probation was available was anything but a good-faith mistake. As
a result, he has not satisfied the first element of the
Further, even if counsel's performance were deficient, Glover
would have to show that he was prejudiced by that conduct to be
entitled to relief. As the Seventh Circuit's decision in United
States v. Fuller, 312 F.3d 287 (7th Cir. 2002) demonstrates,
Glover has not made a showing of prejudice.
The petitioner in Fuller argued that his trial counsel had
labored under a conflict of interest when representing petitioner
on his motion to withdraw his guilty plea. Id. at 291-92.
Specifically, petitioner said, counsel placed his own interest in
concealing his negligence above petitioner's interest in
withdrawing his plea. Id. The error counsel allegedly sought to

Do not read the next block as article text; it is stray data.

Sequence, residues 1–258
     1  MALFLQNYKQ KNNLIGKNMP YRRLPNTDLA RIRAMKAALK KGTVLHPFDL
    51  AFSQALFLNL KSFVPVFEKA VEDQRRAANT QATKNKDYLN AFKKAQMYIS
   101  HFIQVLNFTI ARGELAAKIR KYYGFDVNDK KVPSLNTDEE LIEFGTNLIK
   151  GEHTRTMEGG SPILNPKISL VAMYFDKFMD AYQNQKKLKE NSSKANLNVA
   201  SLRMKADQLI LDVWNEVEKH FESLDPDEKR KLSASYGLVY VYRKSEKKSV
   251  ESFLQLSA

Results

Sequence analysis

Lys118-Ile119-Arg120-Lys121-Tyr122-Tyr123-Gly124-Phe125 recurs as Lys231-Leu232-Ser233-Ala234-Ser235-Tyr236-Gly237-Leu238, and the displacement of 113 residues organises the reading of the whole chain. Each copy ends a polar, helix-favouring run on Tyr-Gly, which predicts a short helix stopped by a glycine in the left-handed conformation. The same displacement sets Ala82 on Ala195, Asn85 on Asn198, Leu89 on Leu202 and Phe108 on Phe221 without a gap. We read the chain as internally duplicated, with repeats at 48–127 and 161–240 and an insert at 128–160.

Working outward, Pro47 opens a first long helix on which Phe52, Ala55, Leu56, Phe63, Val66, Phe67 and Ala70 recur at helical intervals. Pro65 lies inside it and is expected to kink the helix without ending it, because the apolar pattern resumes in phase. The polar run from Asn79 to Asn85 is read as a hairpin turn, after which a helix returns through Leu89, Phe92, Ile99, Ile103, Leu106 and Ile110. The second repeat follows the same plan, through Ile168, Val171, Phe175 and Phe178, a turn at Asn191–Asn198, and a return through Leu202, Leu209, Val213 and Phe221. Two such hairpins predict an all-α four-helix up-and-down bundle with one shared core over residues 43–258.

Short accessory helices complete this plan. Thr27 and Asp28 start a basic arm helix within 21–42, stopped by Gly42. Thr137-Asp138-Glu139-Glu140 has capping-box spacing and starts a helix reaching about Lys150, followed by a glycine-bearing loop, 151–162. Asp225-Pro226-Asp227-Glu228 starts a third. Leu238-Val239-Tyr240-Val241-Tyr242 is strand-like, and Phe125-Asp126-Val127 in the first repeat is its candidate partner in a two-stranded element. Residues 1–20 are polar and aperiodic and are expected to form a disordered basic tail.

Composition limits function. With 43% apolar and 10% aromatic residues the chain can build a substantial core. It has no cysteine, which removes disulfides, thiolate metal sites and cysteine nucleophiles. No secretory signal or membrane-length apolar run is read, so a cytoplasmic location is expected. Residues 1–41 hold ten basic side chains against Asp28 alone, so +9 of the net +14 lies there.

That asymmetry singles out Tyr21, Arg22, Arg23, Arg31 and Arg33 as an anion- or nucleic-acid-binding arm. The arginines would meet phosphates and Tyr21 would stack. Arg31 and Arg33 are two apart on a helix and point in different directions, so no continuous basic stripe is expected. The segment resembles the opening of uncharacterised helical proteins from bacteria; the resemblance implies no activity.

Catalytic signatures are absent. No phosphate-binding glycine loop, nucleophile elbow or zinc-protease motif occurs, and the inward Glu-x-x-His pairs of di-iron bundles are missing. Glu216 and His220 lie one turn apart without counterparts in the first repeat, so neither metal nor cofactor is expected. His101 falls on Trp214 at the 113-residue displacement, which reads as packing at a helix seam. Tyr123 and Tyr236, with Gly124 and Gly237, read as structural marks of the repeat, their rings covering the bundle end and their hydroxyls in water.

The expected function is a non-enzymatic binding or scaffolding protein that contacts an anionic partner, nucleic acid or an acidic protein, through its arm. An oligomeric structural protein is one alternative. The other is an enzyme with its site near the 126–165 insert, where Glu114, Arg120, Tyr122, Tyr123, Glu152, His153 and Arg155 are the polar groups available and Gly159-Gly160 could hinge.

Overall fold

conceal was his recommendation that petitioner sign the plea
agreement, which incorrectly suggested that probation was an
available sentence. Id. at 288-89. The Seventh Circuit held that there was no conflict of
interest. Id. at 292. Moreover, the court said, even if there
had been a conflict, petitioner would not have been prejudiced:
Even though defense counsel had failed to inform Mr.
Fuller that probation was not a possibility, Mr.
Fuller represented in open court under oath that his
guilty plea had not been induced by promises or
predictions about sentencing. In-court statements at
a change-of-plea hearing carry great weight, and Mr.
Fuller's later claims cannot overcome the presumption
that his representations to the court were truthful.
Id. at 293 (citations omitted).
The same is true in this case. At the sentencing hearing,
Glover acknowledged that he (1) discussed the plea agreement with
his counsel, (2) understood the terms of the agreement, and (3)
was satisfied with his counsel's advice and representation.
(Pet., Ex. C, 9/29/04 Hr'g Tr. at 7-8.) The following exchange
THE COURT: Has anyone made any other or different